One way or another Carson Wentz is a broken quarterback right now, so it’s time for the Eagles to give Jalen Hurts meaningful snaps.
The Philadelphia Eagles are leading the moribund NFL East. But their 3-6-1 has come with a lead issue–Carson Wentz is a struggling, broken quarterback. That has led to calls for his benching, or wondering what it would take to bench him. But head coach Doug Pederson has not been willing to make the switch to rookie Jalen Hurts.
Went has thrown a league-high 14 interceptions, and he has taken a league-high 40 sacks along with a league-high 10 fumbles. The Eagles offensive line has been hurt by injuries and general poor performance, but Wentz is not right right now. Benching him would not change his future as the Eagles’ starting quarterback, at least for now.
On Wednesday, when of course asked about Wentz again, Pederson started to sing a slightly different tune.
“Is Carson my starter? He’s my starter, end of story,” “And you guys can blow it up however you want, and that’s fine.”
Pederson acknowledged that “tough decisions have to be made in this business, whether it’s a tough decision to move on from a player in the offseason, or the decision now, whether you’re gonna make the move at quarterback or not.”
When asked to clarify if he was going to make a tough decision at quarterback before Monday night’s game against the Seattle Seahawks, Pederson said no and cited it only being Wednesday. He again confirmed Wentz will start Monday night.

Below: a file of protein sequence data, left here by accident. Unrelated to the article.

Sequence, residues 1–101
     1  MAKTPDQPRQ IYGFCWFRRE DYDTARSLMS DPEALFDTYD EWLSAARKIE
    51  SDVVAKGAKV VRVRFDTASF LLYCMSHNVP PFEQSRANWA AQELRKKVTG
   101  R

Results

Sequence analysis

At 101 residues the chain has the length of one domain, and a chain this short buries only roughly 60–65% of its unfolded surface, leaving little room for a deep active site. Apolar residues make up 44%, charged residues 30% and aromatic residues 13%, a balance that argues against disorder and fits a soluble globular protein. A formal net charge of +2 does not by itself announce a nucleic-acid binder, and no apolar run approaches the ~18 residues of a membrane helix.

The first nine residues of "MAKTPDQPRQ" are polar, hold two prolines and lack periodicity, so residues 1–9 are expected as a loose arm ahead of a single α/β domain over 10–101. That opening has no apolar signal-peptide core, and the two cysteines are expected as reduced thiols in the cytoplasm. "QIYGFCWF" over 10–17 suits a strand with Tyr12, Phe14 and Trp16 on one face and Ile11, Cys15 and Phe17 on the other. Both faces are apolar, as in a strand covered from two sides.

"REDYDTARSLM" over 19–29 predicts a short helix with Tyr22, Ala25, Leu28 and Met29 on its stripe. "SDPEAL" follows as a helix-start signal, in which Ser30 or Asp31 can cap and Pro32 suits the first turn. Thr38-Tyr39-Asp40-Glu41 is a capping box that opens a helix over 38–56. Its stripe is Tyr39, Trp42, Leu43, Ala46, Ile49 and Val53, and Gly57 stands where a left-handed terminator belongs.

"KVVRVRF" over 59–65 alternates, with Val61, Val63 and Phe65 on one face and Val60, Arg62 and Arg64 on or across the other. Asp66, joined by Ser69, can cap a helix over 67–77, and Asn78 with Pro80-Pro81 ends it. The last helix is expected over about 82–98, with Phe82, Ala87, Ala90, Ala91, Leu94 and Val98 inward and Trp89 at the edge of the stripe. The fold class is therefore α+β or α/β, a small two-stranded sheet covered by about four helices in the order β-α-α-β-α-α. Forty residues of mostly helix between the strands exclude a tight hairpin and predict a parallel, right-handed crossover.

It’s time for Jalen Hurts to see meaningful snaps
In the second round of April’s draft, the Eagles set aside some more urgent needs to take Hurts 53rd overall. The idea he would share the field with Wentz at times and be a multi-purpose weapon as a rookie was put out there. Through 10 games Hurts has played a total of 31 snaps (four percent share), with 12 carries for 56 yards and one catch for three yards while going 2-for-2 passing for 27 yards. In Week 11 against the Browns, as Wentz perhaps reached his lowest point in a dismal season, Hurts saw the field for just one snap and had a six-yard run on it.
On Monday, Pederson allowed for the idea Hurts might play more.
“I think I can get him in the game a little bit more,” Pederson said.
The Eagles’ offensive struggles aren’t all on Wentz, with injuries and ineptness all around him. But he’s not helping matters, regularly holding the ball too long in search of a big play rather than taking an easier throw that’s there. Then come hits, sacks, fumbles and rushed, often inaccurate throws.
Only the Eagles really know how Hurts is progressing in practice and behind the scenes. It’s possible he’s just not yet to where he needs to be to start games. But he has more mobility than Wentz, and more importantly he’s probably in much better head space right now.
Monday night might be Wentz’s last shot to get it right in 2020 before Hurts takes over. At minimum the rookie signal caller should push close to, if not past, his single-game high of seven snaps (Week 6 against Baltimore) against the Seahawks.